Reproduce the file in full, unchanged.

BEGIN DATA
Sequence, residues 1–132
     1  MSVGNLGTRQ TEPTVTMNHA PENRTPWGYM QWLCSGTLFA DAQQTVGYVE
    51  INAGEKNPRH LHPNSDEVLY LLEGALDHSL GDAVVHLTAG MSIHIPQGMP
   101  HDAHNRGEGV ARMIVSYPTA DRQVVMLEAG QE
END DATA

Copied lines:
Sequence, residues 1–132
     1  MSVGNLGTRQ TEPTVTMNHA PENRTPWGYM QWLCSGTLFA DAQQTVGYVE
    51  INAGEKNPRH LHPNSDEVLY LLEGALDHSL GDAVVHLTAG MSIHIPQGMP
   101  HDAHNRGEGV ARMIVSYPTA DRQVVMLEAG QE